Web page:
- Library at Gormenghast. Mouldery, chaotic, and vast, it is probably the inspiration for the library at Hogwarts [Lord Supulchrave's] "sanctuary or fortress of solitude is the Library, a building in Gormenghast to which he retires every night after his ceremonial duties have been discharged and in which he remains reading until the small hours of the morning. The Library is located in the shadow of the Tower of Flints, the heart of Gormenghast and a Dark Tower that comes to dominate Sepulchrave's mind. His melancholia infects the very air of the library; ‘imparting its illness on either side.’ He reads of every subject but he is drawn particularly to poetry. Fragments of the fictional poets that he reads allow [Mervyn] Peake to exercise his considerable poetic gifts within the novel."
- The Library of Babel. "The ultimate librarian story, however, may be Jorge Luis Borges's 1956 "The Library of Babel" in which the entire universe is a library, one hexagonal gallery after another. The problem is that there is no catalog. There are not even any decipherable books. All the possible combinations of letters are imprinted in the books, but none of them make sense—or if one makes sense it has not yet been found.:"
- The library of Yith, from H.P. Lovecraft's The Shadow Out of Time. Yes, click on the preceeding link to read this fine story, which is now in the public domain. The library of the Great Race of Yith has the most impressive looking librarians ever (the large crustaceans seen to the right). ever. It offered "a 1936
scenario in which the consciousnesses of scholars from all eras were
brought to an ancient, alien library to write manuscripts for the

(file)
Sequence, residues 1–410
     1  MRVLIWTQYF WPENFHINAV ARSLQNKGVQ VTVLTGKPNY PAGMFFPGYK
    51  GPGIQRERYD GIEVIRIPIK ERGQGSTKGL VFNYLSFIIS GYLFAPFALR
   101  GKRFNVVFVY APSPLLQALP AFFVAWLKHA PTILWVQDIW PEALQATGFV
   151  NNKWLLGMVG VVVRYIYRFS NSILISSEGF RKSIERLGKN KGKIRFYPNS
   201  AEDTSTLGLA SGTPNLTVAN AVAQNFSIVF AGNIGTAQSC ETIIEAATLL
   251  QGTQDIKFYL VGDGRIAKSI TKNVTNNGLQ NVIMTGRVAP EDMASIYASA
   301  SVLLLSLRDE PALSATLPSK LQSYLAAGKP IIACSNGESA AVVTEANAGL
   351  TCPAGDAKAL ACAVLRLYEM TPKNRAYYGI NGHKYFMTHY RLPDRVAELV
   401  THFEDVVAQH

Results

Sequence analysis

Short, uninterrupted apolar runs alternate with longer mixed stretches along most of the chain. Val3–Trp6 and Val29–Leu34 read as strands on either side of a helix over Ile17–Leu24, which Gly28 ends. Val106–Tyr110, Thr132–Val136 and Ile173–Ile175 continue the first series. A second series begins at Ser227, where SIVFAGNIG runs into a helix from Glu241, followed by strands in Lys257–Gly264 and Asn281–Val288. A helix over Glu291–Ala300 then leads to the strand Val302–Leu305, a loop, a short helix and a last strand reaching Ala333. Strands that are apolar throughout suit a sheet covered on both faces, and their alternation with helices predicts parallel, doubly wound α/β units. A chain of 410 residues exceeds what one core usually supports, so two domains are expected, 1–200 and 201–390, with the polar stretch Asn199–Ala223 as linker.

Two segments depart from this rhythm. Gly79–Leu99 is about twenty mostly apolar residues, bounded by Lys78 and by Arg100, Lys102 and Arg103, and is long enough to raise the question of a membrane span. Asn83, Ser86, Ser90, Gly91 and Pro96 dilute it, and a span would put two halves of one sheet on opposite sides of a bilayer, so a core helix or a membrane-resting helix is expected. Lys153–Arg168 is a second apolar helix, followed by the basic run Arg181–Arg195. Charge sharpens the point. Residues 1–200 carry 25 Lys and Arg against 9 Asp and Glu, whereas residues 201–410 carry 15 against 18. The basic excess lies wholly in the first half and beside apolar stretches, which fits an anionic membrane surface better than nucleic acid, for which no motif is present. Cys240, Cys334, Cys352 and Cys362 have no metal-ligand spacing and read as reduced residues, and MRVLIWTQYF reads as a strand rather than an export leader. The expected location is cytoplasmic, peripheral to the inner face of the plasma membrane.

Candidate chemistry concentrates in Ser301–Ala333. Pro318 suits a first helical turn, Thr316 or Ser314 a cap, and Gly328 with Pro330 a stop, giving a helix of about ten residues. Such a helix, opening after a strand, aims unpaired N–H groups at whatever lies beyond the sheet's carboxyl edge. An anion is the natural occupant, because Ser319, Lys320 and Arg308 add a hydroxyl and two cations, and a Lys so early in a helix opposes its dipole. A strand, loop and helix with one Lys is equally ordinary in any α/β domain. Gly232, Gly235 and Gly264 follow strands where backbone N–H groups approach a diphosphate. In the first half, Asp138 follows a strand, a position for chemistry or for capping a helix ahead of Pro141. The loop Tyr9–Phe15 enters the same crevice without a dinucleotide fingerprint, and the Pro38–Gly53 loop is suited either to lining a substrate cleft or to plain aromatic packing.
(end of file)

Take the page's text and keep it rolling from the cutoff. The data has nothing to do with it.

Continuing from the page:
collection. As an aid to their scholarship, they were allowed to
examine forbidden and legendary books".Antique books have a lot of power in the fiction of H.P. Lovecraft. The library of Yith existed in Australia 65 million years ago in the past, in the Library City of Pnakotus. Imagine the overdue fine you could build up for not having returned a book checked out that long ago. There'd be no hiding from the Yith library police, either: they can travel through time and put the pinch on you.
- The library at Trantor. From Isaac Asimov's "Foundation" books: "The Library of Trantor was one of the prominent features of the fictional planet Trantor, created by Isaac Asimov and appearing in his Empire Series and the Foundation Series. Located in the Imperial Sector of the planet, it was variously referred to as the Imperial Library of the Galactic Empire, the University of Trantor Library, and the Galactic Library, in which librarians index the entirety of human knowledge by walking up to a different computer terminal every day and resuming where the previous librarian had left off." Don't know Trantor by name? You might know Coruscant, the entirely paved-over urbanized imperial capital planet from "Star Wars", clearly inspired by Trantor. I bet they have a large library too.
|Sleestak "Library of Skulls"|
|The Library of Yith: "If you don't return this book|
on time, we will come and peench you."
Here is a related link about fictional libraries which you might find interesting. Wikipedia also lists a few fictional library entries here. Are there any more libraries to suggest?